Knowledge, Wisdom and Knowing?

The word wisdom has many connotations. If you are considered wise, you are placed in high esteem. You are looked upon for advice, as a confidant and as one who knows many truths. Many cultures extol their elders as being wise; others use the word wisdom when referring to someone who has a vast array of knowledge. Still others refer to wisdom as the sum of scholarly learning through the ages.

However, as powerful and useful as wisdom may be, there is definitely something missing from a society or people who are considered wise. Yes, they may have a storehouse of learning and past experiences, but they are still missing something very vital. To understand what is missing, you must discern the difference between knowledge, wisdom and knowing. Then you will understand why knowledge and wisdom fall behind knowing in the pursuit of living.

Wisdom is only one of three states describing a person’s being. The first is knowledge, which is often mistaken for wisdom. The general premise is that the more knowledge you accumulate, the wiser you become. However, knowledge does not bring you wisdom. Knowledge is what you have been taught from sources outside you. It is what you learn from your parents, teachers, ministers, priests, friends, etc. In essence, there is nothing real about knowledge. In fact, once incorporate knowledge into your mental processes it becomes nothing more than your belief systems. You may find support for and place much credence in these belief systems; yet, they are nothing more than beliefs. They have nothing to do with what you have experienced. Knowledge is always second hand. No matter how close to the truth this knowledge may be, it is never the truth! Suppose you want to teach someone what apple pie is. She has never tasted one. In fact, she has never had an apple. You teach her what an apple is, what is involved in making the pie, and approximately how an apple pie tastes. However, will you be able to relate to her just what an apple pie is? Will she be able to experience an apple pie? Will she know what an apple pie is? Will she know the actual taste of an apple pie? She will only have knowledge of an apple pie. She will not have any experience with knowing what an apple pie is.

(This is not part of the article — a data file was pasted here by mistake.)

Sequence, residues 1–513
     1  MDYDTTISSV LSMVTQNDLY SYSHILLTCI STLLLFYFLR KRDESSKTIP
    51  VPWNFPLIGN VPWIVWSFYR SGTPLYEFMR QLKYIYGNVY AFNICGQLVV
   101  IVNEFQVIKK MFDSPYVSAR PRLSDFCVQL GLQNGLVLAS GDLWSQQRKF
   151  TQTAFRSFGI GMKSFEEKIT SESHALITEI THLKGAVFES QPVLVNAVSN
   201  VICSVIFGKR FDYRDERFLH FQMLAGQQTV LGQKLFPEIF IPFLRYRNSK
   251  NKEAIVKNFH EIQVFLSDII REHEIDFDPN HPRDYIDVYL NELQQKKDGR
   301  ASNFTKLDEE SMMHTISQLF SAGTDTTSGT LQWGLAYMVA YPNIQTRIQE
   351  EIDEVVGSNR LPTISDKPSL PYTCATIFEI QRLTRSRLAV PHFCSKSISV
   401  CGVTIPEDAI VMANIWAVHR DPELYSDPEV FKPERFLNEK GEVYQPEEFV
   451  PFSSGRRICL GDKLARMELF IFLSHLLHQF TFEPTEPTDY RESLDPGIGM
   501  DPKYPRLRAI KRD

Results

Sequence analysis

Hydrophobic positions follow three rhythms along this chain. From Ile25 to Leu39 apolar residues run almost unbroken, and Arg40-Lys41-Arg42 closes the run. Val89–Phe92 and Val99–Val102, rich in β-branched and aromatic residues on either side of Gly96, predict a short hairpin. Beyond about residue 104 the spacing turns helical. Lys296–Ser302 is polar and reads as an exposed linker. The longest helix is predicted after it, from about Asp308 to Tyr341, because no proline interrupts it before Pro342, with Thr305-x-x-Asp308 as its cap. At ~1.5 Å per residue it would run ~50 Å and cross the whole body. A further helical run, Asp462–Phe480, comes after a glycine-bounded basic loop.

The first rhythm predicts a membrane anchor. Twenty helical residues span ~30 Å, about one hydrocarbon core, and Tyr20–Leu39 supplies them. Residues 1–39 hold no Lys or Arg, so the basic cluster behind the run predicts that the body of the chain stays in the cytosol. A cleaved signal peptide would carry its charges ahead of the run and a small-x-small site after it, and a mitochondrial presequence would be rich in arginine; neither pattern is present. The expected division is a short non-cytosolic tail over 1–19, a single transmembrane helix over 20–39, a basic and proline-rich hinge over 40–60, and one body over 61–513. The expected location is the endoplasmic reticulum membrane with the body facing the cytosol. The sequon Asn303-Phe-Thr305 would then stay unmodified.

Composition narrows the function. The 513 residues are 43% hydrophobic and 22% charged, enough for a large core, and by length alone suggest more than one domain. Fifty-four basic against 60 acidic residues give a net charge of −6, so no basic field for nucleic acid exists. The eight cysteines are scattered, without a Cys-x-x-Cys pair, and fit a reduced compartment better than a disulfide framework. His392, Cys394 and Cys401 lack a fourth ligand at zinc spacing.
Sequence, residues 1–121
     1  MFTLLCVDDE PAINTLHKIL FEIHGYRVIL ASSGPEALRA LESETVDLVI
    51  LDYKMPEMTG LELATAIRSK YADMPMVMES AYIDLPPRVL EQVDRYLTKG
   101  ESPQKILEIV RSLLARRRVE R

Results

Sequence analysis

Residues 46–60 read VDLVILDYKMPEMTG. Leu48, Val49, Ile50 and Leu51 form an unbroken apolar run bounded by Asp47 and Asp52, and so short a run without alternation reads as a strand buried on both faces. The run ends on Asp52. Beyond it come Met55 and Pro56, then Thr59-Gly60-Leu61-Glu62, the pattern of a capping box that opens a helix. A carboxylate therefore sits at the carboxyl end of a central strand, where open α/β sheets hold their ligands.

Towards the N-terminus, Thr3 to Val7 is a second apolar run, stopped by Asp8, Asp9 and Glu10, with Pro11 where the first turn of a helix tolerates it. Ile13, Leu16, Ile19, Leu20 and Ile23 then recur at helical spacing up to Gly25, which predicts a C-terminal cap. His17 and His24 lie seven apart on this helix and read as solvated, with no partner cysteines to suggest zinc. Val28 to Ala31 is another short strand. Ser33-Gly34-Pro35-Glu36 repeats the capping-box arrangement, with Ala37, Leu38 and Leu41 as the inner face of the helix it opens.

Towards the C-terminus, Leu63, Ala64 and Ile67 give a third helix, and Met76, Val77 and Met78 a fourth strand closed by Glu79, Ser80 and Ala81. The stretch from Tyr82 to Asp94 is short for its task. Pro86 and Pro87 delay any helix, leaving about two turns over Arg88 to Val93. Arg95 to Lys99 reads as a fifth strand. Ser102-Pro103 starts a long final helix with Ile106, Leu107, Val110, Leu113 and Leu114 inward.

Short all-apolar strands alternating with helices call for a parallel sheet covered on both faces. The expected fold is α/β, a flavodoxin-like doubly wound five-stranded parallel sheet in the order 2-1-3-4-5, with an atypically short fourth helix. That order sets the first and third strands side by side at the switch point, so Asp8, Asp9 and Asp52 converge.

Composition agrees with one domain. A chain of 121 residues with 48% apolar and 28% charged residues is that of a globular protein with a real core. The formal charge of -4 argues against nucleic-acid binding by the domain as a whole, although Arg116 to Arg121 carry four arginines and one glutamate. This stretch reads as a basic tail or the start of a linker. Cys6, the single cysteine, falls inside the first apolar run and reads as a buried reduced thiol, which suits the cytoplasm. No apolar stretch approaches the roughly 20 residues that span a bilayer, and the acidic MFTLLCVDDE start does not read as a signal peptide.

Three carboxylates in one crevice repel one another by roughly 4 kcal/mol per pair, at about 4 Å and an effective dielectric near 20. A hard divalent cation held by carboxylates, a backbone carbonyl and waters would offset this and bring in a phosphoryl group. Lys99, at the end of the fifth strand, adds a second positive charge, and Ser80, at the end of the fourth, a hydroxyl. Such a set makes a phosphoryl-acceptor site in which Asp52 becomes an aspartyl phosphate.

You are taught to be Jewish, Christian, Moslem or some other religion. By the time you enter pre-school, you have already been conditioned to accept your parents’ religious teachings as truth. How could they be wrong? There is no doubt in your mind that your religion is the only right religion. You have become so indoctrinated into what you have been taught that you do not even question its validity. You accept these teachings as your truths, as if they were your own experiences. This is knowledge.

The second state describing a person’s being is wisdom. It goes a step beyond knowledge. You gain wisdom as you experience life. If you have an experience of what you call God, during the moment of the experience, it is real. Once the experience has passed, it now becomes a part of your memory. You remember this experience and say it is real, that it is truth. Yes, the moment it happened, it was real, and it was truth. Now, it is nothing more than a memory, and memory is the seat of knowledge. It now fits into your belief systems. It has moved from the real to the imaginary. As time advances, your beliefs become even more entrenched and rigid. Your beliefs also change according to your memories about the experience, your current state of mind, your emotional state and what you now think the experience means.